Jesus is challenging the status-quo, the forces that maintain that some folks have more worth or value than others. Jesus is challenging who’s in and who’s out, in his own hometown. Jesus is communicating God’s Vision of Wholeness. We’re not leaving anyone out! We will live out being open and affirming!
This revolution Jesus is calling for, is one that he knows folks will run from, it terrifies them, and yet he begins in his hometown. Where he had the greatest potential for criticism, and folks questioning his identity. Jesus is coming out to them, saying things he’s never said to them before, laying it out on the table. People who know us, who knew us from our youth, are the hardest to come out to. Because they want to keep you as they knew you. As safe, domesticated, if sometimes troubled children. They want to keep what they knew rather than turning to face the strange. This was Jesus’ challenge sharing the good news, the radical welcome laid out in God’s Vision, how could he share this good news without rejection? How do we challenge people to welcome the rejected? And this is what the people do to Christ. They run him out of town. They take Christ literally out of their lives. How do we respond?
How do we see ourselves as Christ sees us without domesticating ourselves, without falling back on divisions in order to give us the feeling of safety?
This last week we celebrated Martin Luther King Jr, a man who knew something about the dangerous promise of seeing us as Christ sees us, seeing how in the scripture of our family, in the passion of our faults, in the testament of our differences, in the commandments of our love God calls down with radical inclusivity that we are one body with many members.
In the famous “Letter from a Birmingham Jail” the Rev. Dr. Martin Luther King, Jr writes about his disappointment with the domesticated white moderate saying:
(1)“who is more devoted to "order" than to justice; who prefers a negative peace which is the absence of tension to a positive peace which is the presence of justice… who… believes he can set the timetable for another man's freedom; who lives by a mythical concept of time and who constantly advises [the oppressed] to wait for a ‘more convenient season.’”
Some would say that hiring a queer pastor, enacting serious support for transgender persons is too much too quick. Some would beg us to wait, slow down, so we can hold onto our hate or fear a little bit longer. But this holding on to hate is what Christ and Martin Luther King Jr. says is killing us, killing black and queer and trans youth in the streets or alone in despair, and is killing us all spiritually. Waiting can be a sensible compromise, and radicalness can go too far, but we cannot wait to affirm life and we cannot go too far in the work of love. Love, as the late David Bowie tells us, challenges us to care for those on the edge of the night and in so loving to care for ourselves. It is never too soon to see the ignored, it is never too much to heal the wounded, there is no peace without justice, especially when we see ourselves in the isolated, suffering, and devalued. It is never beyond Christianity to see as Christ sees.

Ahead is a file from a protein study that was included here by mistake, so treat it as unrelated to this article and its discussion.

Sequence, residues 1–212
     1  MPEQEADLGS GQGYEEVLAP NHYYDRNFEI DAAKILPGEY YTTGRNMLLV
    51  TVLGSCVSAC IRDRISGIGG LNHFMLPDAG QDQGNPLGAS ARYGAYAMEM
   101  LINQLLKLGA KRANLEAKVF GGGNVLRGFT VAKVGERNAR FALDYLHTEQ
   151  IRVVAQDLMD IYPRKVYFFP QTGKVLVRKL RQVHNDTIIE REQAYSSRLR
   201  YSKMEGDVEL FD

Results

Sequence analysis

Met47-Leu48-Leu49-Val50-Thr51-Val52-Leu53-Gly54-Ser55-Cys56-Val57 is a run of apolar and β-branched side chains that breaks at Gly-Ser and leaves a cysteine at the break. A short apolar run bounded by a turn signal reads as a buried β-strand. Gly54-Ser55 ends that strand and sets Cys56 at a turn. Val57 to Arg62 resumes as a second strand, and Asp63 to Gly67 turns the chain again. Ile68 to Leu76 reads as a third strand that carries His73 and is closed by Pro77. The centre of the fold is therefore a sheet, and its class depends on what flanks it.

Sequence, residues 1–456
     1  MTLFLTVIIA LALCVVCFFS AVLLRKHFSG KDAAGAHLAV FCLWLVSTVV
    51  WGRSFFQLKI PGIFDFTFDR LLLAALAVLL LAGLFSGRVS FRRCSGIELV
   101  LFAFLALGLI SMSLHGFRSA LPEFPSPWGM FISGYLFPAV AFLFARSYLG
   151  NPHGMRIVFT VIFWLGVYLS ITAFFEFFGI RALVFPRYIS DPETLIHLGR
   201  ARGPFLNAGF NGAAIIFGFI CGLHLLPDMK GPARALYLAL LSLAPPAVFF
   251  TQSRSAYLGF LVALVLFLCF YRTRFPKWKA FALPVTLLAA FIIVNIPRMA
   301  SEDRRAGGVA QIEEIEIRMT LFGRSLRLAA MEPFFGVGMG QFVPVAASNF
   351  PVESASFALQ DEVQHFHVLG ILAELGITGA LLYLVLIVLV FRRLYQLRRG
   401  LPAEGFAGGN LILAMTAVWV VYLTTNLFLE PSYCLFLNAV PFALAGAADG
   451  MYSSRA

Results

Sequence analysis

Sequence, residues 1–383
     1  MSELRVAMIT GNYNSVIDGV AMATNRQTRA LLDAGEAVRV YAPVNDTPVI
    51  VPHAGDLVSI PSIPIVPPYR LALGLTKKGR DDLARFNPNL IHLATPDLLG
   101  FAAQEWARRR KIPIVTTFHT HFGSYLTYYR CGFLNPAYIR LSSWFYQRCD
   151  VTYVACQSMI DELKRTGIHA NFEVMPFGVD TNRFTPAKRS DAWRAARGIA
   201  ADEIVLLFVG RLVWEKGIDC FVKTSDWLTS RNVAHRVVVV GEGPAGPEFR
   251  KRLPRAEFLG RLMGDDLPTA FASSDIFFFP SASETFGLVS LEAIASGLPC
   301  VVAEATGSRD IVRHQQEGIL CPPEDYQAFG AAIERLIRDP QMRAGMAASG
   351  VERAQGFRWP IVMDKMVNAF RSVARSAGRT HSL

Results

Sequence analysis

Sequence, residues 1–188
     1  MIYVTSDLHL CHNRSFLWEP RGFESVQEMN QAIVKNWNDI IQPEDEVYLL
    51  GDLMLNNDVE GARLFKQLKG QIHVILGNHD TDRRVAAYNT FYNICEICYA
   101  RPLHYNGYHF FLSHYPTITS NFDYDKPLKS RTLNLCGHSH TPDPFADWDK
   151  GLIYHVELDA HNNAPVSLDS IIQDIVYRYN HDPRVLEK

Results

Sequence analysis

Dr. King continues: 2) “There was a time when the church was very powerful. It was during that period that the early Christians rejoiced when they were deemed worthy to suffer for what they believed. In those days the church was not merely a thermometer that recorded the ideas and principles of popular opinion; it was the thermostat that transformed the mores of society. Wherever the early Christians entered a town the power structure got disturbed and immediately sought to convict them for being "disturbers of the peace."
At youth at General Synod this past summer our young people, some from this congregation attended a UCC Polity and History class with the Rev. Dr. Jeremiah Wright, who with Rev. Bernice Jackson spoke about the civil rights movement, and other movements such as the Occupy Movement and the Black Lives Matter Movement as all having a common thread. They were begun by young adults who were tired of standing by, doing nothing to make society change. They reminded us if you don’t have a mortgage it’s much easier to join the movement, you’re more willing to take risks for your own or another’s liberation.
The revered Dr. King continues his argument: 3) “Things are different now. The contemporary church is so often a weak, ineffectual voice with an uncertain sound. It is so often the arch supporter of the status quo. Far from being disturbed by the presence of the church, the power structure of the average community is consoled by the church's often vocal sanction of things as they are.”
We have the impulse to turn away from MLK’s honest critiques, embarrassed that now over 50 years later, his message is still relevant, that Christ’s call two millennia later is still desperately needed, that in the scripture of family, the passion of our faults, in the testament of our differences, in the commandments of our love, we still need help to see ourselves as God sees us: as one body with many members. But in closing I say for us all: “the members of the body that seem to be weaker are indispensable.” We are not unchristian for our brokenness and divisions for it is ever by Christ through those that the Church is continually resurrected. There is hope. We are the Church of the poor. We are the Church of resurrection. And Hope is always with us. Amen.